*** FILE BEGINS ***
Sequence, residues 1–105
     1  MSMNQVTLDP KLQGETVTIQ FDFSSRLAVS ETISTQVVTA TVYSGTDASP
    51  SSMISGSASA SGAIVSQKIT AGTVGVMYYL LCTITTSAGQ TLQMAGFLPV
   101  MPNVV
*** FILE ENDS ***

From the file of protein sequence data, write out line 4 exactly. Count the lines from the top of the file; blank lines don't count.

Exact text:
   101  MPNVV